biologists have known for decades that environmental pollution is adversely affecting animal behaviour worldwide. High levels of pollutants can cause gender-bending effects by altering animals' physiology, particularly their sexual organs. Now, two comprehensive reviews reveal that chemicals have a much greater impact on animal behaviour than earlier understood. Low concentrations of these pollutants are changing both the social and mating behaviours of many species found in the wild. This potentially poses a far greater threat to their survival than, for example, falling sperm counts caused by very high chemical concentrations.
Two research teams have independently collected evidence revealing the effects on species such as egrets, gulls, snails, quails, rats, macaques, minnows, mosquito fish, falcons and frogs. Behaviours altered include mating and parenting, nest building, learning, predator avoidance and foraging.
In one study, for instance, male starlings exposed to dicrotophos insecticide decreased their singing, displaying, flying and foraging activities by 50 per cent. And newts exposed to low levels of the pesticide endosulfan found it harder to sniff out the attractive pheromones of the potential mates. Researchers have also shown that increasing numbers of male western gulls hatched from eggs exposed to ddt attempt to mate with each other. The scientists also found that lead affects the balance of gulls, while the atrazine pesticide makes goldfish hyperactive and the chemical tcdd makes the play behaviour in macaques rougher.
Such unnatural behaviour is attributed to more than 100 chemicals originating from agricultural, industrial and municipal sources. These chemicals, called endocrine disruptors, include heavy metals, polychlorinated biphenyls and additives such as bisphenol a. Endocrine disruptors mimic naturally produced hormones, setting off adverse chemical reactions in the body.
"Not only are we failing to acknowledge the scale of the problem caused by these toxic substances, but we may be missing a trick: changes in animal behaviour could be an early warning that the chemicals are harmful. You might see behavioural effects long before you see a population crash,' says Ethan Clotfelter of Amherst College in Massachusetts, usa, who is the lead author of one of the reviews published in the journal Animal Behaviour. Dustin Penn and Sarah Zala of the Konrad Lorenz Institute of Comparative Ethology at the Austrian Academy of Sciences agree. They have authored the second review of the effects of endocrine disruptors in the same journal. "The most important point is the incredible amount of evidence that this is a widespread problem,' Penn says.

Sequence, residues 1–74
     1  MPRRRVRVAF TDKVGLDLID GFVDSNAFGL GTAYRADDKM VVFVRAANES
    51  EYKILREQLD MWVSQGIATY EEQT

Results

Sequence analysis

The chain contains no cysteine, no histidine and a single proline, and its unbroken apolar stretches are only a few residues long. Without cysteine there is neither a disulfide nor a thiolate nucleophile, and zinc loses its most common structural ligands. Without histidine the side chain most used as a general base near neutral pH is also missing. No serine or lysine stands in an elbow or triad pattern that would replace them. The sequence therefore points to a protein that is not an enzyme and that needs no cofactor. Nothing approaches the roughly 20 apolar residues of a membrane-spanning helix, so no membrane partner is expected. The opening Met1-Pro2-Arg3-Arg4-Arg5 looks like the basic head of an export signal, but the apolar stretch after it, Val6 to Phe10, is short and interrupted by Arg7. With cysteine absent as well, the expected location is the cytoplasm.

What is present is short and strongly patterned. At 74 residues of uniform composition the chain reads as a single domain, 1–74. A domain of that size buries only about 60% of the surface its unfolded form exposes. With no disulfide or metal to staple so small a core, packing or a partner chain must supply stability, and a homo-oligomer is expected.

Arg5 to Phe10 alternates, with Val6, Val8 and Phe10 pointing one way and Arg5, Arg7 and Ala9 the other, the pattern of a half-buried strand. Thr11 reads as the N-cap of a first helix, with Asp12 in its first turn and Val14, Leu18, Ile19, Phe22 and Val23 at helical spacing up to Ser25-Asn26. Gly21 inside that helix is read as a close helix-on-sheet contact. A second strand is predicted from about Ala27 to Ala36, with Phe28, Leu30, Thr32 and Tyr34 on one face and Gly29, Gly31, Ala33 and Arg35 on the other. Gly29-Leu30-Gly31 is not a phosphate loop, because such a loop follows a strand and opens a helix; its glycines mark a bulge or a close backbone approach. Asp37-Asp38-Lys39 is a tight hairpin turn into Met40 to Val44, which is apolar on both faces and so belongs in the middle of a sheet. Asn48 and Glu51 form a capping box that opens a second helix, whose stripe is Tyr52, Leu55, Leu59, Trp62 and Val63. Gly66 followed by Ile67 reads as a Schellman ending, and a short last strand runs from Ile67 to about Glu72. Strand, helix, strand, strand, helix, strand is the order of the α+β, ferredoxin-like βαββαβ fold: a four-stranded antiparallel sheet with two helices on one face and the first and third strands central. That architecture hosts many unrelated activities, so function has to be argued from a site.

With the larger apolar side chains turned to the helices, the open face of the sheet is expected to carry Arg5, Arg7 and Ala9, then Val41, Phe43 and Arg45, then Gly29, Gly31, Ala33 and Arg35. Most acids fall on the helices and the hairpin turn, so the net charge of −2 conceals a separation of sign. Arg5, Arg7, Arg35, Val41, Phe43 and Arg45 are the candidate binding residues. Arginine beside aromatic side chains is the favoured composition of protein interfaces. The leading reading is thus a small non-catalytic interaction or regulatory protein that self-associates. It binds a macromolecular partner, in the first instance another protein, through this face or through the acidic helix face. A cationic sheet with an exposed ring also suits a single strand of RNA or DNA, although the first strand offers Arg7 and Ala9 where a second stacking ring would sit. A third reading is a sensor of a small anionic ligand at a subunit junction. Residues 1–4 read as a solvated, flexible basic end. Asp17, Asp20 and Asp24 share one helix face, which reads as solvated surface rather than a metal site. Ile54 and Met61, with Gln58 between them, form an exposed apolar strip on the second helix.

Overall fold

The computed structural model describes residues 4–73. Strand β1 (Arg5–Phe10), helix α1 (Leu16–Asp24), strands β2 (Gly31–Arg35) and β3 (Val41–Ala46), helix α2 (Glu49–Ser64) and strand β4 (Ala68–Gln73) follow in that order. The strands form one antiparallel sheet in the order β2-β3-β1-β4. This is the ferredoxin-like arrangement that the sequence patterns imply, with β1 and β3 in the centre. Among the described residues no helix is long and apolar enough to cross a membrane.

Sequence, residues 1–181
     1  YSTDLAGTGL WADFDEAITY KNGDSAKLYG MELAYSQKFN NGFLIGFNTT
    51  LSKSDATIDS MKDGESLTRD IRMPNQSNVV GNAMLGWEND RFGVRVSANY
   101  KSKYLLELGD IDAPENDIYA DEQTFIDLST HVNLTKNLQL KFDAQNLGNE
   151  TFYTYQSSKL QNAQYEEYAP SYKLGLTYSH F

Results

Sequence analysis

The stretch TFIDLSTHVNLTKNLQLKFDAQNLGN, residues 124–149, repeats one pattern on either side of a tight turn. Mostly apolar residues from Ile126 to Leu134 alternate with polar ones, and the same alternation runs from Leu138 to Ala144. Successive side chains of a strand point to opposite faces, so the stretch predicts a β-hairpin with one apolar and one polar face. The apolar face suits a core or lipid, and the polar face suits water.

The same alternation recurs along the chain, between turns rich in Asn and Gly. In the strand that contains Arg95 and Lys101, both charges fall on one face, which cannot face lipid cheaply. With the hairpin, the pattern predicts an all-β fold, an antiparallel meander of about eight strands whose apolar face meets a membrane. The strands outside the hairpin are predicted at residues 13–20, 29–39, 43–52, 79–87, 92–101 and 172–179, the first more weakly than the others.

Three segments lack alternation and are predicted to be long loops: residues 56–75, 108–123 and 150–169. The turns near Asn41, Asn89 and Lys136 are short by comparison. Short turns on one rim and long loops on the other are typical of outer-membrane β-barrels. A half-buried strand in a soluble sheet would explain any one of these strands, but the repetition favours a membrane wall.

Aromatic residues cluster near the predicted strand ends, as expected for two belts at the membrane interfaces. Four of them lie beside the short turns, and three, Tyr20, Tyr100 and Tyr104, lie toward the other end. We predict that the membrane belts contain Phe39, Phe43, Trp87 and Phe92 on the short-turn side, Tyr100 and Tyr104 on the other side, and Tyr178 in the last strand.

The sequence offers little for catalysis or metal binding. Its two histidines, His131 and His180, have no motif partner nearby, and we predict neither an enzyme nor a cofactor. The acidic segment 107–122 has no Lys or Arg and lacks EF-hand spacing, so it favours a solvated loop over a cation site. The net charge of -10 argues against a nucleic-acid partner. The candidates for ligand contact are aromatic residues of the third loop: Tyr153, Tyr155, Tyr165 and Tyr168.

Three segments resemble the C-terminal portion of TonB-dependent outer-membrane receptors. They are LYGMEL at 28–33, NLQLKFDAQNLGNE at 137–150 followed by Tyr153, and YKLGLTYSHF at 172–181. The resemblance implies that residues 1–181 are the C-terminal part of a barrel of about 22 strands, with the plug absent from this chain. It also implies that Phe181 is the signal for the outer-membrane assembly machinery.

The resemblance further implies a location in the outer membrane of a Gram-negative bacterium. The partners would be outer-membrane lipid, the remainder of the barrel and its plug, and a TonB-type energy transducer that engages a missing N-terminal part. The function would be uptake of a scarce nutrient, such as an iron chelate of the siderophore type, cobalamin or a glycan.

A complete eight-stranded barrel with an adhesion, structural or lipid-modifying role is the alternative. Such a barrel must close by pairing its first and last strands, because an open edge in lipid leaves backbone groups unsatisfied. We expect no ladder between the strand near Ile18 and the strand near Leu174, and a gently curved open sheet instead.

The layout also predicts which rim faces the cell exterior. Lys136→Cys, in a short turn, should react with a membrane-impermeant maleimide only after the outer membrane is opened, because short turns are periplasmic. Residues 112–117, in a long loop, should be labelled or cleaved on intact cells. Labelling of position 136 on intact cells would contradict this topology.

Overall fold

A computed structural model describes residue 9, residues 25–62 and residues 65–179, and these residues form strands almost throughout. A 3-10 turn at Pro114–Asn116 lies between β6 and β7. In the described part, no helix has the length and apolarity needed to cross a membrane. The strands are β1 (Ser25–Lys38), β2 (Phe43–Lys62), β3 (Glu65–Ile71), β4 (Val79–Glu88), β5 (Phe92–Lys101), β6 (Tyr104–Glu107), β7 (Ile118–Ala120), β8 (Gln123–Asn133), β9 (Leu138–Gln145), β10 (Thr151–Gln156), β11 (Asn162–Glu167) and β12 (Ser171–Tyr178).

Both research groups say that biologists and toxicologists must wake up to the fact that different concentrations of chemicals can have unexpected effects. For instance, male mice exposed to low doses of some pesticides were found to increase their scent-marking behaviour, but they decreased it when exposed to higher concentrations.
The standard approach to studying toxicity, mostly via animal experiments, involves exposing isolated cells, eggs or whole animals to varying concentrations of a chemical. A dose-response curve is then evolved showing the quantitative relation between the dose administered (exposure) and the extent of adverse affects. This approach works well when toxicity is immediately apparent and when a simple monotonic relationship exists between dose and response. However, many endocrine disruptors differ from classic pollutants in two important aspects. Firstly, the toxicology rule
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